The “best” thing he said to me all night, though, has to be when he told me my leopard print dress was ugly. “You should never wear this again,” he said definitively, like he was some fashion guru. Now, I wasn’t expecting a compliment, but if he hated how I looked in my dress, why was he trying to stick his hand down it? I didn’t ask what part of the dress most offended him; by that point, I was – finally — plotting my escape.

If he’d used any one of these “lines,” which it only later occurred to me is classic pickup artist (PUA) “negging,” I might have been able to overlook them, but their cumulative effect made me more shocked than anything. I stuck around because I wanted to see what the ultimate conclusion would be. I gave him the benefit of the doubt; maybe he was just socially awkward, not trying to be a total douchebag. Yet he even managed to make a compliment seem like an accusation. “But when am I going to see you again?” he kept whining, as if my entire flight schedule had been designed so that we met right before I left town, thus thwarting him from seeing me again. Gross. Eventually, when I told him he couldn’t come to my hotel room because I had a roommate (I was not seriously considering it, but was grateful for the roommate excuse to stop me from doing something I might regret) he suggested going back to his place for sex, which I managed to decline, before escaping while he went back to the bar to get a drink.

I seem to have a knack for meeting weird, gross guys on vacation (see my date with a “Top Chef”). That’s not as bad as meeting them on my home turf, where I might risk running into them again. Maybe I give guys like that more time than they deserve because, at least in those two cases, my self-esteem had taken a hit, and I was flattered that even someone who I don’t respect was interested in me (yes, that’s something to discuss in therapy). Also, since I would never blatantly insult someone I liked, it was confusing to have someone giving such mixed messages. One minute Vegas dude was trying to kiss me, the next he was telling me my dress was ugly.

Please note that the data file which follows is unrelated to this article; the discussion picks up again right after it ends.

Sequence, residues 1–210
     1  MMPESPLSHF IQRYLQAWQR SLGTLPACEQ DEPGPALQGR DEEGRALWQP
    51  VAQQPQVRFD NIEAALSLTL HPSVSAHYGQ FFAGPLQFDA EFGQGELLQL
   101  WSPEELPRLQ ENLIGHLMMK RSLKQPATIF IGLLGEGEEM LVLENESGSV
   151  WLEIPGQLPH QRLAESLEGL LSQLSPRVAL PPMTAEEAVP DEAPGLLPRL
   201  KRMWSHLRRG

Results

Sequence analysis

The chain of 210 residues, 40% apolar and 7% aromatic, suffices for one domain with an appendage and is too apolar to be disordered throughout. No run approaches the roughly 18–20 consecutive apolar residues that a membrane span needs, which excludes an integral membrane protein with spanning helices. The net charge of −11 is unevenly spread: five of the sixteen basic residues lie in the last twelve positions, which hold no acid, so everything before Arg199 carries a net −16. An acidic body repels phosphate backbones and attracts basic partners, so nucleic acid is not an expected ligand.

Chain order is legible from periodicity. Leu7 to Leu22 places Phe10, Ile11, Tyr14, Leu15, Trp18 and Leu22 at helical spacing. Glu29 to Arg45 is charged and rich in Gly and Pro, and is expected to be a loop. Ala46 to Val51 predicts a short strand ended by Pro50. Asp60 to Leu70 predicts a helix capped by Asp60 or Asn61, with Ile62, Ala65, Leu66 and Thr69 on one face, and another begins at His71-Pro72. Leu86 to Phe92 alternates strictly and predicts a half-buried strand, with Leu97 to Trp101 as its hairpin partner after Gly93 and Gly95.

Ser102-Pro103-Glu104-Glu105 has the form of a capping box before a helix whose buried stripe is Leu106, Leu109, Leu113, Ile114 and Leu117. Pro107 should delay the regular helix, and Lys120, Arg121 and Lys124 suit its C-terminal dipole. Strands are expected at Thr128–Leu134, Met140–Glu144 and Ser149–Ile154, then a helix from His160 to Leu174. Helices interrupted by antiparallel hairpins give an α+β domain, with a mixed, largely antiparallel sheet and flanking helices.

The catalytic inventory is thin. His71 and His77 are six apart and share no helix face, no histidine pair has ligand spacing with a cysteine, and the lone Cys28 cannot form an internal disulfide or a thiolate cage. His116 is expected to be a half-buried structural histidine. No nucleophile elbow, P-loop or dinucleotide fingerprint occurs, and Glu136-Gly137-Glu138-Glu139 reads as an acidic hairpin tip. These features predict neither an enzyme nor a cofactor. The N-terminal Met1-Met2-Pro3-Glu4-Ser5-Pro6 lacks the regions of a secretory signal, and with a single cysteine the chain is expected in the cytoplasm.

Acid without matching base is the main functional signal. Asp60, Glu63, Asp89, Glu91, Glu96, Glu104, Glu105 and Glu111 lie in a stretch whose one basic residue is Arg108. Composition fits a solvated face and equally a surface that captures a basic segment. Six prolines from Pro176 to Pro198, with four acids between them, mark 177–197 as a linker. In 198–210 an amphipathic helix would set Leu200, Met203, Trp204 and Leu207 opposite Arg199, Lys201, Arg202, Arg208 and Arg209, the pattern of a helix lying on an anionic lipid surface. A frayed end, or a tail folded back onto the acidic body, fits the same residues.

I realized that I don’t mind lighthearted mocking that comes from someone I know actually cares about me. I’ve had plenty of dates rib me about the size of the purses I carry (I once clubbed a woman next to me as I sat down in a restaurant) and another time I checked in at Whole Foods on Foursquare and got a text from a guy I sometimes hook up with saying, “Really? Whole Foods?” That’s far different from someone telling me my dress is ugly. If I were on “What Not to Wear,” that would be acceptable, but if you’re trying to get me into bed, it’s not.

The only positive thing, as far as I can tell, about guys like that is that they let you know what they’re like right off the bat. If you choose to go forward, you have only yourself to blame. It’s easy to say that they’re rude or obnoxious, because, well, they are, but I’d prefer that style of confrontation than someone who’s nice to my face and then ignores me, or says whatever they want to get me into bed only to drop me right after. Other than that, since I live in New York, I’m hoping these kinds of pickup lines stay in Las Vegas, where I don’t have to deal with them on a regular basis.

Original by Rachel Kramer Bussel